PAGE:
As discussed, double recessed barrel crown:



A feature that the R700 does not have, is the ridge missing behind the threads of the muzzle. I have a nice muzzle brake that threads all the way to the shoulder of the barrel, and this same brake will not fit on my R700 SPS build (other on-going thread), as there is a ridge at the should that will not let the brake seat...



The trigger is really nice, the blade itself is wide and ever so slightly curved; the safety blade of the trigger has enough resistance to it, it feels like the first stage of a two-stage trigger. Also, the bolt release (black bar at the bottom side of the triger in this image) is moved to the left side of the receiver... very nice feature in my opinion. The trigger pull weight adjustement is in the front of the trigger, as indictaed by the locking nut.



The bolt is probably one of my favorite features of this barreled action; the bolt lift is so effortless and smooth, the over-size bolt lift is sweet! I do not have any ammo test the full operation, but I really love the design!



Finally, the metal magazine; I will have to walk back my comment that the only non-metal item was the base, as the follower is injection molded ABS... not a biggie. If I do not decide to convert this action to accept AICS pattern magazines, that I will run these factory magaizes, as they are real nice. The plan as of right now, is the get a chassis that will accept the AICS mags...

 

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Discussion Starter · #13 ·
Ordered a Leupold 20 MOA base for the M783. It will sit kind of high in the saddle... not many options out there for the M783, and I do not care much for the look of the EGW... Leupold to the rescue!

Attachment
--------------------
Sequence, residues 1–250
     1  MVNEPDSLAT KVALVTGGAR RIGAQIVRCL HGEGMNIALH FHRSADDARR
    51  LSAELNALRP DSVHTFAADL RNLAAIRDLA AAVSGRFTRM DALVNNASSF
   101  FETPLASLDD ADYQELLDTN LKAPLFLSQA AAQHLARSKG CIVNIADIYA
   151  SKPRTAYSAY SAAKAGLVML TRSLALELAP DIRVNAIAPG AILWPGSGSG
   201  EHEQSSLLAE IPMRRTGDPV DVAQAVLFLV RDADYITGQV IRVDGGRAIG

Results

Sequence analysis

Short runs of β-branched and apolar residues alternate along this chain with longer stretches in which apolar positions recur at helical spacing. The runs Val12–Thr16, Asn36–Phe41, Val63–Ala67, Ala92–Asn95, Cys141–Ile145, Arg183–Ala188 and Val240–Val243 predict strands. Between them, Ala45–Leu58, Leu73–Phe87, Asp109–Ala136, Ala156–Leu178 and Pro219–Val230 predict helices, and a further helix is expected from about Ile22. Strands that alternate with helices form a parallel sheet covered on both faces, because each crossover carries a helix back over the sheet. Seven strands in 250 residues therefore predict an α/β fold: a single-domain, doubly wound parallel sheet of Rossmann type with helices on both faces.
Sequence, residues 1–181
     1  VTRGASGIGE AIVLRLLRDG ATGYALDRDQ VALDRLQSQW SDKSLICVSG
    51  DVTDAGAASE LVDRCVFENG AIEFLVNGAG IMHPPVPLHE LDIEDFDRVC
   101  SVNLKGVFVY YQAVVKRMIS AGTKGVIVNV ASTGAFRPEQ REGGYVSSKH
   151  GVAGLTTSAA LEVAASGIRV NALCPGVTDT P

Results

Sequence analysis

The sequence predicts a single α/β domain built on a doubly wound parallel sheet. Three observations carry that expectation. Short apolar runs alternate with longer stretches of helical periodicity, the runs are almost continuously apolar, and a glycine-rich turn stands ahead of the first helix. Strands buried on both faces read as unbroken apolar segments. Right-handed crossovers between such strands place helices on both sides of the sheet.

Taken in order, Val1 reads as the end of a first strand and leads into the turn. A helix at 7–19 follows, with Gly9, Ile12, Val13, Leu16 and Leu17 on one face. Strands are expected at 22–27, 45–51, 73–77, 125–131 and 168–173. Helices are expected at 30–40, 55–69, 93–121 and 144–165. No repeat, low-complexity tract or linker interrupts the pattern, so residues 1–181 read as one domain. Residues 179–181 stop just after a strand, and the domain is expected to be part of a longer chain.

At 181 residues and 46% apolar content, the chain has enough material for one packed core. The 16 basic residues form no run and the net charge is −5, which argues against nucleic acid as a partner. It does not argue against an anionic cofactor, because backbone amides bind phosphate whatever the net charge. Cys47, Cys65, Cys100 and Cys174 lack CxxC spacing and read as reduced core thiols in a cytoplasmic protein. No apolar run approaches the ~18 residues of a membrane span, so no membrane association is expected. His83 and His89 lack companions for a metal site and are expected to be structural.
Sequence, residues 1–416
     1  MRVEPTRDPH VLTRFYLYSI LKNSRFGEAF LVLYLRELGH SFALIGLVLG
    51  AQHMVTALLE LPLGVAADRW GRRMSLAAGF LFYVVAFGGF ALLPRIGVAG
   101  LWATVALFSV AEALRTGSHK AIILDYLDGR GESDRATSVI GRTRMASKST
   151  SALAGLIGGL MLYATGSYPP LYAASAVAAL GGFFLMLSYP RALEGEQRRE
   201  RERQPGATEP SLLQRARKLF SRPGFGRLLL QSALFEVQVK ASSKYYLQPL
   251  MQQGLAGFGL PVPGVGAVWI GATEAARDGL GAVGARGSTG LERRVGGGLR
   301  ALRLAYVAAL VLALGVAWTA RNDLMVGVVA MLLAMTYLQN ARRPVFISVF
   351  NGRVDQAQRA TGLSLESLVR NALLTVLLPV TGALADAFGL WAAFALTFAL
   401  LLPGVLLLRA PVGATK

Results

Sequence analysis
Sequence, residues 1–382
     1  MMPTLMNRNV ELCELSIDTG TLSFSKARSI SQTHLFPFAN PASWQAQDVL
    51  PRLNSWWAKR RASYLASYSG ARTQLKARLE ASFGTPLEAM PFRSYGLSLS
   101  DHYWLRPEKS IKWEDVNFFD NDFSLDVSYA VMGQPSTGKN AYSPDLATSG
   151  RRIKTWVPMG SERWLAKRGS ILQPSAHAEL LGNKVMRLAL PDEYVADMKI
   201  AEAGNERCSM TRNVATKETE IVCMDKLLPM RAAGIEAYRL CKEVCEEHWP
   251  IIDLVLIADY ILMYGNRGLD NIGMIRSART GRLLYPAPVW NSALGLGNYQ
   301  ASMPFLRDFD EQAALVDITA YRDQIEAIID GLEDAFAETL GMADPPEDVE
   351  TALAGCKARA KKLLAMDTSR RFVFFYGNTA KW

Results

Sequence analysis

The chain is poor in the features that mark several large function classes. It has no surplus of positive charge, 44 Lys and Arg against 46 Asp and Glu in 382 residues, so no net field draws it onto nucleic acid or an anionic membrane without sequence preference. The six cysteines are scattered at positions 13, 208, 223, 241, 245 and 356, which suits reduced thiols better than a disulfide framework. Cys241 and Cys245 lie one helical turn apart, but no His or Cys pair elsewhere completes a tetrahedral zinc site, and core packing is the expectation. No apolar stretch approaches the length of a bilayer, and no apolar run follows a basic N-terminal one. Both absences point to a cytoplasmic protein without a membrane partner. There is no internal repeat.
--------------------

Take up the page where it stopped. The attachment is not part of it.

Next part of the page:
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Be sure to clean it real well. All over and inside. I never shot mine with the factory barrel but I’ve heard they shoot really good. I think, and it’s just a theory, that the heavy action is not affected by the bedding as much. I couldn’t tell any difference in accuracy between the factory plastic stock and the Boyd’s laminated stock. I’ve heard to use lighter fluid to clean the trigger assembly and that’s what I use to clean the whole thing. Have to apply lube after but not the trigger. I’d like to find one of the walnut pull offs to try on mine. Good luck.
 

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Discussion Starter · #15 ·
Thank you for the tips, I will be sure to apply them to my progress. When I pulled the factory rail, a lot of thread locker came out with it. The barrel also looks a little suspect to have quite a bit of "gunk" in it. A thorough cleaning is next in the process, as I just placed an order for a Boyds stock . I deliberated long and hard on one of two available chassis options, but I could not justify the $600+ bucks...
 

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Discussion Starter · #16 ·
During the pandemic, I did receive my Boyds stock... in record time actually, but I am reluctant to show it, as I was not convinced that this is the path I wanted to go. Since I have not updated, I thought I would show what I ordered; Walnut (standard grade, as that is all there is), laser engraved Dragon )of course), in the Pro Varmint profile, with pillar bedding option:









The action fits loose, as Boyds really machines with loose tolerances... so bedding this action is the next step... However, I may still go with a chassis option, as I not sure I could bed this action properly.
 

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Discussion Starter · #18 · (Edited)
I was looking hard at getting an Oryx chassis, but I cannot bring myself to pay that for a no frills chassis... The reviews on the chassis are sort of all over the place. For mow I will continue with the Boyd's Walnut stock I purchased.
 

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Discussion Starter · #19 ·
Made a couple upgrade purchases this past weekend for my 783; I order the Timney trigger upgrade, the PT&G bottom metal upgrade, as well as the PT&G bolt head upgrade. The bottom metal replaces the plastic trigger guard with an Aluminum guard, that will accept AICS style mags, and regarding the bolt head upgrade; I briefly toyed with the idea of converting the rifle caliber over to 6 ARC, which PT&G makes a bolt head for... But the costs became astronomical for my budget rifle, so I opted for the standard 308 bolt head, since my rifle is chambered in 6.5 CM